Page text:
Non-steroidal anti-inflammatory drugs (NSAIDs) are widely used to relieve pain, inflammation, and high temperature due to fever. But their use has been routinely associated with adverse cardiovascular events. This study aims to examine the cardiovascular safety of NSAIDs by estimating the risk of heart failure.

This nested case-control study included a total of 92,163 hospital admissions for heart failure, along with 8,246,403 controls. The primary outcome of the study was the risk of heart failure associated with the use of 27 individual NSAIDs. The researchers assessed multivariable conditional logistic regression models and dose-response relation.

The findings suggested that the use of any NSAID was associated with a 19% increase in the risk of hospital admission for heart failure (adjusted odds 1.19). It was also discovered that the risk of admission for heart failure was higher for seven traditional NSAIDs and two COX2 inhibitors; the odds ratios ranged from 1.16 to 1.83. The risk of heart failure doubled for the use of the following doses at very high doses: indomethacin, piroxicam, diclofenac, etoricoxib, and rofecoxib.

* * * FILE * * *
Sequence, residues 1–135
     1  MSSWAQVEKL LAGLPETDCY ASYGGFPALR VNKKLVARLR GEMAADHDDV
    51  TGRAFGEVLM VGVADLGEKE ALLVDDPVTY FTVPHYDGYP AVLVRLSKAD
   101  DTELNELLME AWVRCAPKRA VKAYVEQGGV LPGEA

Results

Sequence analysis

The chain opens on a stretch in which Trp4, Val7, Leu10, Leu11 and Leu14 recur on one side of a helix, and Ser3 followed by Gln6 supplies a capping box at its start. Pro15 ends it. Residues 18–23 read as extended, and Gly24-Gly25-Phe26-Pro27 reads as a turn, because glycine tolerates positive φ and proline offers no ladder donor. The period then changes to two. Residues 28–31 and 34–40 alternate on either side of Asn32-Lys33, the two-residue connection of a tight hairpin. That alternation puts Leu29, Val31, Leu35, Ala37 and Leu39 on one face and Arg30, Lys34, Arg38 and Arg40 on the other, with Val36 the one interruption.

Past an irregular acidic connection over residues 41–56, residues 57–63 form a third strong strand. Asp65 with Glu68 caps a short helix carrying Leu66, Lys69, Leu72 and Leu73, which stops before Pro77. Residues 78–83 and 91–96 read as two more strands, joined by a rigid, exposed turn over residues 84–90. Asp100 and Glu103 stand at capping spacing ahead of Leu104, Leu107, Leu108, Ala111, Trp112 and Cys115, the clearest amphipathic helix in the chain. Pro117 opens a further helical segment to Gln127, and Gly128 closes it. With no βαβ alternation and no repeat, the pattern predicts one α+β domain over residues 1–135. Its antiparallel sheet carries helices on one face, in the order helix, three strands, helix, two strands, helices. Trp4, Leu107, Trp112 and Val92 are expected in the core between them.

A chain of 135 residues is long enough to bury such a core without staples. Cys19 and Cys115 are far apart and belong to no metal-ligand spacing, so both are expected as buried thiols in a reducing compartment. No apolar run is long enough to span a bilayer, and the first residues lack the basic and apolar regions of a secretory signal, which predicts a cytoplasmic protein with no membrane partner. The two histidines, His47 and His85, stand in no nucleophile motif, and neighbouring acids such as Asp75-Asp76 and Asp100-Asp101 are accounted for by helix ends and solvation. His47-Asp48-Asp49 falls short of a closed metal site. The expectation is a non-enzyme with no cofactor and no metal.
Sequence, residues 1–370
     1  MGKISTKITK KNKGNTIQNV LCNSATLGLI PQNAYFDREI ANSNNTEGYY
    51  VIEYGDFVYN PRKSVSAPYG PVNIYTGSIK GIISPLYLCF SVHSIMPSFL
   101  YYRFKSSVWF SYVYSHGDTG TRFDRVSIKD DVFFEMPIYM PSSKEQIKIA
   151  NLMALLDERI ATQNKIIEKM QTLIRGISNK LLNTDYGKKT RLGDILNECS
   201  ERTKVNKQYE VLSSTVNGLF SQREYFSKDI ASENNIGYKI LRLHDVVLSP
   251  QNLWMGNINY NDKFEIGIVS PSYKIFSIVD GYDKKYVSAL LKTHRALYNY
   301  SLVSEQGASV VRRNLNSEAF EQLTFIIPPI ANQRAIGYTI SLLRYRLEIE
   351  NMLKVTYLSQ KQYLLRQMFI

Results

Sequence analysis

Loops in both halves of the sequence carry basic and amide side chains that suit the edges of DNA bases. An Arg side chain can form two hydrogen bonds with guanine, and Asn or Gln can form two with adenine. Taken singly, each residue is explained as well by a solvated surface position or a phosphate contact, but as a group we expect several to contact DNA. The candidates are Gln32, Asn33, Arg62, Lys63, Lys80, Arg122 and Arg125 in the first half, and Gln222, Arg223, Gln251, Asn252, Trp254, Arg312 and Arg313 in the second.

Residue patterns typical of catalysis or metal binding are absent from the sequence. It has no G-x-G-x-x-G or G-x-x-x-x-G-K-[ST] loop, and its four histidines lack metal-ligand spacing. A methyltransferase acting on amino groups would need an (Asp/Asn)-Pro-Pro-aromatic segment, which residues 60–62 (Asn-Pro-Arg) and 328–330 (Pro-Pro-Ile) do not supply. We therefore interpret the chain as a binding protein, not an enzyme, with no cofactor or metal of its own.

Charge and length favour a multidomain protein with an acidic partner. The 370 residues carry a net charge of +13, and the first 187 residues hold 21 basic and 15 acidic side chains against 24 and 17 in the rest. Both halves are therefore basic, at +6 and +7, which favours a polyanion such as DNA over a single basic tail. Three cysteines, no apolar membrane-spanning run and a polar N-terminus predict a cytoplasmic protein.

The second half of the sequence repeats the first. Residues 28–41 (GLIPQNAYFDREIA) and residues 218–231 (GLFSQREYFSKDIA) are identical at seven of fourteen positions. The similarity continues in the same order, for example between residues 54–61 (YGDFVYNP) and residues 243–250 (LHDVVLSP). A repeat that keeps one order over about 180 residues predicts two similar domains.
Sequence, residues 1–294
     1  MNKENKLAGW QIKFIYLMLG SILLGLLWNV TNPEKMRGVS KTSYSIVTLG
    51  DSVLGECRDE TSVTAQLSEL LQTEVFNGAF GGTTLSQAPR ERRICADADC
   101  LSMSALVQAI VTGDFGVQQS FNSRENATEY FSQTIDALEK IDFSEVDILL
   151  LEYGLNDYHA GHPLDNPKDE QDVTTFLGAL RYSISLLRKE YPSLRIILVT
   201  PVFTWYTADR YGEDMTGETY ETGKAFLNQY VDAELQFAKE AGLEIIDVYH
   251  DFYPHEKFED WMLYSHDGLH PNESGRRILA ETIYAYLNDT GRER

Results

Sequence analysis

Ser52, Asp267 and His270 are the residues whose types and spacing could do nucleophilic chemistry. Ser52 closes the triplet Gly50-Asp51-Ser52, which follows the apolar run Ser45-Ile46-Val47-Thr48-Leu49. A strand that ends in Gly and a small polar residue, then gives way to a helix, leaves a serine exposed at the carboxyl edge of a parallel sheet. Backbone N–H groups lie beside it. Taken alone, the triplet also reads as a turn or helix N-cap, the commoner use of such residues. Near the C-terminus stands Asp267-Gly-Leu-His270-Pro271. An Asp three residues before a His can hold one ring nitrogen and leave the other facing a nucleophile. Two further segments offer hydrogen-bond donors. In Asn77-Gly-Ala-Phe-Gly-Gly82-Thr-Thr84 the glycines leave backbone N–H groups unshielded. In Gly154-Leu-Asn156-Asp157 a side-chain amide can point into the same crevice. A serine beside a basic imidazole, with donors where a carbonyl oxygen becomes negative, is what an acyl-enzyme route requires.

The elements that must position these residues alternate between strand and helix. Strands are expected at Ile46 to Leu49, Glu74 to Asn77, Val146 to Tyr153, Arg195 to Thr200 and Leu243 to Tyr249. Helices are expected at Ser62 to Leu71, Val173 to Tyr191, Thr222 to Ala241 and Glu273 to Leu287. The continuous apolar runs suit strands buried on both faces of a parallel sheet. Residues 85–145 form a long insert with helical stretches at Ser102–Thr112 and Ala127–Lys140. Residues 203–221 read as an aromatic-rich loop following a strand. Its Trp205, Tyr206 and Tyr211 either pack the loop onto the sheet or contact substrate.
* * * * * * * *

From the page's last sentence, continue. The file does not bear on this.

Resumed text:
The research concluded that the risk of heart failure varied between different NSAIDs, with the risk being the highest for traditional NSAIDs and COX2 inhibitors.